As Memorial Day approaches, a poem in tribute to those who serve.
Signaling fame, however ephemeral
cast in the communality of the iron of endurance
bred by those who walked before him.
He did not know them.
In fact, many have long since been forgotten.
As will he, when his pins are left discarded
in a tiny felt lined box
in the attics of memory
where the nuisances of unimportance
are moved with a shambling gate
from one corner to another.
Then one day, the curiosity of youth stumbled upon the box –
Blew the dust into the air, opened the lid
and aired the memories of forgotten ideals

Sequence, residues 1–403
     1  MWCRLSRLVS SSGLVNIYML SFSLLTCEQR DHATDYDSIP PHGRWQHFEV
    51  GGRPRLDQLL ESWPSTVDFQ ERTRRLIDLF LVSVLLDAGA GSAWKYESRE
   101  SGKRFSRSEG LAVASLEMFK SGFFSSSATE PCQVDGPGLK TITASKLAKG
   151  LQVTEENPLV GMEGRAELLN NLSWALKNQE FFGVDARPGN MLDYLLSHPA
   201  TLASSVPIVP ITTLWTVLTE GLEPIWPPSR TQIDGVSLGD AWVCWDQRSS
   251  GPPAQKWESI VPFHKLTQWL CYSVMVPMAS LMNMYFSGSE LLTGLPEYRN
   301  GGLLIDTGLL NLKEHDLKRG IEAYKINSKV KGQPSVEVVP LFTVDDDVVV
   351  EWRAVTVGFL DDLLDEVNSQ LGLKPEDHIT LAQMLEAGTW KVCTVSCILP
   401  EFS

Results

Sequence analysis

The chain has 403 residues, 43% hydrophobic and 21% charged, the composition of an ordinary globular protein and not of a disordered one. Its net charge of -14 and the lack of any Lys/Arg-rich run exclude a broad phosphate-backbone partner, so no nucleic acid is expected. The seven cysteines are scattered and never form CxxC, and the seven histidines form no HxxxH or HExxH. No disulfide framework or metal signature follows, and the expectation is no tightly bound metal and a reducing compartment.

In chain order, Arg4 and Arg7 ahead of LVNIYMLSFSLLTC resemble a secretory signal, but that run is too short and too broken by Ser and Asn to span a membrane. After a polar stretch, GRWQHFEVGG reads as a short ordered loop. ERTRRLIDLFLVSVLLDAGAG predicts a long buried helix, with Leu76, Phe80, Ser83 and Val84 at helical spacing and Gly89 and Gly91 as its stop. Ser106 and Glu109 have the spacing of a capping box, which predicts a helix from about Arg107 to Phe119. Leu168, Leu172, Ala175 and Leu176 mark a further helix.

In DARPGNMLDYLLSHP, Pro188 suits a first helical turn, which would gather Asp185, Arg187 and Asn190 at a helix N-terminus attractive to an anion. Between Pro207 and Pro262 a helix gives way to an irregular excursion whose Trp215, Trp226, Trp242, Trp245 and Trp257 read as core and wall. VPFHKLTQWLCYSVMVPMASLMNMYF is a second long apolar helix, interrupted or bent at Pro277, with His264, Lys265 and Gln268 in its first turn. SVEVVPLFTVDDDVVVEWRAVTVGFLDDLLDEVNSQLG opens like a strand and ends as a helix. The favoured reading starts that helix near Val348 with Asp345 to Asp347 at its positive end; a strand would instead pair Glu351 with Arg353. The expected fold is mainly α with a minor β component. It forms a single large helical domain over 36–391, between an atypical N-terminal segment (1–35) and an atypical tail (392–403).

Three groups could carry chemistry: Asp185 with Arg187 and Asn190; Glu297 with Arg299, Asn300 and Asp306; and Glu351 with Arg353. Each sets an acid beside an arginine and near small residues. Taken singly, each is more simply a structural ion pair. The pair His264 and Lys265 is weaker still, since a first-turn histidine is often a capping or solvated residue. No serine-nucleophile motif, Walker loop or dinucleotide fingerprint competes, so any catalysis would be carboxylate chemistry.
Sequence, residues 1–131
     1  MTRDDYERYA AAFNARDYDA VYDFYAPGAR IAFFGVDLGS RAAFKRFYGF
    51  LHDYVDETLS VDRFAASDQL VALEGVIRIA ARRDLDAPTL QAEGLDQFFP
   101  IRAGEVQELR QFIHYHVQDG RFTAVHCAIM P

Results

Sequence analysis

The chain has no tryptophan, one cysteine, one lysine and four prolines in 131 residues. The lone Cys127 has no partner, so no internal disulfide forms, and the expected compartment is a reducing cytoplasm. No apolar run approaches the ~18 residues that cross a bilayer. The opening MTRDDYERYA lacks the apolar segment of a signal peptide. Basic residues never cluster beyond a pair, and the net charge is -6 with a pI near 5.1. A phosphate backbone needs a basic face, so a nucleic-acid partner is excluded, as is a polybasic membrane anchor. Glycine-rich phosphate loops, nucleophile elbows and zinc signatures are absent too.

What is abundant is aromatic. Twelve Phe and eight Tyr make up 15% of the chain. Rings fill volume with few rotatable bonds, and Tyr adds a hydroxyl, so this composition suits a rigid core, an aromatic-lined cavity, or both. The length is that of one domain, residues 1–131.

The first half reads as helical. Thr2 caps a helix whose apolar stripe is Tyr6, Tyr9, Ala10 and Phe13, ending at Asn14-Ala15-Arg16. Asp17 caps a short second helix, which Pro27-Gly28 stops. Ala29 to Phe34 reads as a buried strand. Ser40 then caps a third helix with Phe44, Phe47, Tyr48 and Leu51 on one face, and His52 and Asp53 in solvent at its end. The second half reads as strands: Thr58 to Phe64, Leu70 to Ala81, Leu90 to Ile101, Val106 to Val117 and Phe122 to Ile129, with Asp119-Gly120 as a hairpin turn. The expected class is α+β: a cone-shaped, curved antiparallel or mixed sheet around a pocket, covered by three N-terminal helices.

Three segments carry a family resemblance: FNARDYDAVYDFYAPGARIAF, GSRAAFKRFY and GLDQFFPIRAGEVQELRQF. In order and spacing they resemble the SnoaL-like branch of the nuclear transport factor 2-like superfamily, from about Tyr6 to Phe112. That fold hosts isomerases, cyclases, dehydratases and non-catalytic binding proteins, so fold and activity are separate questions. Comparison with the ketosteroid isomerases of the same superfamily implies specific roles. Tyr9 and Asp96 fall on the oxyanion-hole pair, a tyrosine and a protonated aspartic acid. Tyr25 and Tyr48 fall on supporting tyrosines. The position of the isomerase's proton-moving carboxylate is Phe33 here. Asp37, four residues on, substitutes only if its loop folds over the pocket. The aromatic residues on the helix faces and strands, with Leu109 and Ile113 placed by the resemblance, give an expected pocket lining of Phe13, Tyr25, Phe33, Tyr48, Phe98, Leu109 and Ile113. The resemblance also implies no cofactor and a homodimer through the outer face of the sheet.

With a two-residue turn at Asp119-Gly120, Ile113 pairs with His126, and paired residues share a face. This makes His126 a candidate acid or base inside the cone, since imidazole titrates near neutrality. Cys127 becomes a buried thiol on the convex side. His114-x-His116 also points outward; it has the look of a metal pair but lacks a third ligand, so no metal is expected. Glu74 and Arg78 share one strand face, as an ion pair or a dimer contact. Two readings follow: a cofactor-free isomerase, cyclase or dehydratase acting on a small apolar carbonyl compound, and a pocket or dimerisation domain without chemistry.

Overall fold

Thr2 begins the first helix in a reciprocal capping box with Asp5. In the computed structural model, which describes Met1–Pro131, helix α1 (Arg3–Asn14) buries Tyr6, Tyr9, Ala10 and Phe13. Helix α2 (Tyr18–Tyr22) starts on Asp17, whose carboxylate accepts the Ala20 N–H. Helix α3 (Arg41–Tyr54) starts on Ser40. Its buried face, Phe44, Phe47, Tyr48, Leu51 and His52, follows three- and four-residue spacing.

cast aside by the arrogant certainty of purpose,
so much a part of the youth’s father.
The grandson’s eyes lit up with undoubting gleam –
the brilliance of hope – of endurance beyond adversity.
He grasped the pins and wore them to school the next day –
and into the school yard.
From thence, he set his course as if for mankind
to achieve some deed beyond his means.
As he grew, he treasured those ideals and pins.
Walked steadfast in his grandfather’s footsteps with pride.
For humanity he eventually touched this terrestrial sphere ever so
When he breathed his last sigh, they placed the pins on his lapel
and put a folded flag at his fingertips.
Before they closed the lid, his son removed the pins –
and they gave him the flag.
And – as was the custom – with complacent smugness and disdain -
the pins were thereafter sold at the next garage sale.
This poem is included in my book,
“I Have His Letters Still”, Poetry of Everyday Life.